Laying sod is a great way to instantly transform a bare plot of land into a lush, green lawn. But how much does it cost to lay sod near you? The cost of laying sod depends on the size and condition of your garden, the type of grass you choose, and the labor involved. In general, laying grass is more expensive than growing a lawn from seed, but you're ready to enjoy it much sooner. When it comes to materials, the cost of sod is usually calculated by the square foot.
Prices are reflected for placing grass on 2,500 square feet of land. The general rule is to always add 5 to 10% of additional grass to your project, in case your lawn is an unusual space and you need more grass to fill it. The varieties of grass available vary depending on the region in which you are located, but some types of grass are commonly used. In the case of new lawns, the grass used is of the creeping type (such as bluegrass or St.
Augustine, which spreads through stolons (above or below the ground) or in clusters (such as fescue and ryegrass, which extends from the crown of the plant). Talk to a professional lawn care service to see if local lawn prices vary depending on the type of grass you choose for your lawn. Delivery rates, optional irrigation systems, and ground preparation work affect the total cost of installing the turf. If a patio is somewhat irregular in shape, it's a good idea to have the lawn installer measure it before providing a cost estimate and ordering new grass. Many lawn installers will want to see your garden in person before giving you an estimate of the costs.
Integrated landscape features, such as waterfalls, raised flower beds, or decorative rocks, also make it difficult to place the turf and can significantly increase the total cost of the project if more materials are needed and if the grass takes longer to install. In addition to materials costs, labor costs can also vary depending on your location and the complexity of your project. Some people take a different approach to home improvements to reduce grass installation costs. They buy the grass themselves at a grass farm or hardware store, deliver it to them and hire a professional to complete the project, which saves time and ensures that the grass installation is done correctly. In terms of maintenance costs, artificial grass may be cheaper in the long run since it does not need to be cut or irrigated. However, natural varieties may require less maintenance overall.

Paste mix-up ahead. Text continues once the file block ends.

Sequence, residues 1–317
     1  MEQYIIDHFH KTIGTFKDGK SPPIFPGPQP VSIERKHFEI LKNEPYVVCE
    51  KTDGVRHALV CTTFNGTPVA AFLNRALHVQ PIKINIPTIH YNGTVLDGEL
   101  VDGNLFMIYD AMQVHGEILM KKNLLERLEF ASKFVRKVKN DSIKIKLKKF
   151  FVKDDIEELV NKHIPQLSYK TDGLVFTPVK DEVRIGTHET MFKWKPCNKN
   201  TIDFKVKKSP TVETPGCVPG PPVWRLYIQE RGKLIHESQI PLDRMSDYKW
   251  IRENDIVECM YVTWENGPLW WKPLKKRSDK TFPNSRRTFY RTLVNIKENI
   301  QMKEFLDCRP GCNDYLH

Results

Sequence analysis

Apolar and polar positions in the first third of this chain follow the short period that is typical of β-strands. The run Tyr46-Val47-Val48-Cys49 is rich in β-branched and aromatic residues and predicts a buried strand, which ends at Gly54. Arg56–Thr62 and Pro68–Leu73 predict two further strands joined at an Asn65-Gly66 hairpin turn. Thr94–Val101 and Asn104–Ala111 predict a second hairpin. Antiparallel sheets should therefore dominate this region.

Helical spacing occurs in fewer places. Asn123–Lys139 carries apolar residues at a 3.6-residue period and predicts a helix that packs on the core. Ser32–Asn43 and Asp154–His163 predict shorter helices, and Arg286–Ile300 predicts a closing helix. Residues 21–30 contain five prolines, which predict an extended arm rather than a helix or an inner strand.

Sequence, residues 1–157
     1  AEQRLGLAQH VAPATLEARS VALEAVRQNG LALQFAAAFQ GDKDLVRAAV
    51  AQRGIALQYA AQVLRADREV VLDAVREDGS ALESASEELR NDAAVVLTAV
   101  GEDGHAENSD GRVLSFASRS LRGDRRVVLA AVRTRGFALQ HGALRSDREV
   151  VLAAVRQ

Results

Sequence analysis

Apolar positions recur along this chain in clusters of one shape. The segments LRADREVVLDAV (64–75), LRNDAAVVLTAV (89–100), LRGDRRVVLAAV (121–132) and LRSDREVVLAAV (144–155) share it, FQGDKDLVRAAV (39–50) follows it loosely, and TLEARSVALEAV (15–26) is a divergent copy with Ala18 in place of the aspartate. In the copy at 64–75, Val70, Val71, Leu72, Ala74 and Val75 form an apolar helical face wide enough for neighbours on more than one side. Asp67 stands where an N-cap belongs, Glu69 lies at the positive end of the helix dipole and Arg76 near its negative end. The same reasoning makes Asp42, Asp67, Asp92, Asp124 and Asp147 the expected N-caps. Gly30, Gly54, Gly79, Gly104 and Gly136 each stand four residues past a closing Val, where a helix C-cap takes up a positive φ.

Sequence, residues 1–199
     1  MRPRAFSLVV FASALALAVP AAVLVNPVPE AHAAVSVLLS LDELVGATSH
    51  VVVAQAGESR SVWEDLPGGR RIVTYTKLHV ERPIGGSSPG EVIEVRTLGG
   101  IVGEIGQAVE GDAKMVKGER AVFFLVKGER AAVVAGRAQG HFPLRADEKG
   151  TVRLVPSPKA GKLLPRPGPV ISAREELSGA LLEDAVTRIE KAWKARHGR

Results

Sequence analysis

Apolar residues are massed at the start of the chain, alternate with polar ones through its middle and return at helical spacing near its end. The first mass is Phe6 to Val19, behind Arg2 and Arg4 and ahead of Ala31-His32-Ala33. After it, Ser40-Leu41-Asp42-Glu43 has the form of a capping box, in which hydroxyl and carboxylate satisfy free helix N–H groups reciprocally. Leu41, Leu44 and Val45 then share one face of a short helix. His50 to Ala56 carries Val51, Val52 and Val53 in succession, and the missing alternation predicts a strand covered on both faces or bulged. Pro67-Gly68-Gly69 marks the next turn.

Talk to a local professional near you to estimate how much grass you may need for your project. Or, you can try using an online calculator to get some estimates. It is recommended that you start by watering your lawn daily, but then water slowly and less. Spacing out the amount of time between waterings will encourage roots to grow deeper. Depending on your lawn and the condition of the soil, you may want to till the soil and apply a special treatment to increase or decrease the pH.
Do a soil test to find out if your soil urgently needs more (or less) nutrients. You may also want to apply a starter fertilizer that contains phosphorus. For personalized advice for your lawn, contact a lawn care professional near you. Millions of people ask Thumbtack for help with their projects every year. The prices reflected in this article are for informational purposes only and are subject to change at any time. Contact a professional near you to receive a personalized quote for your project.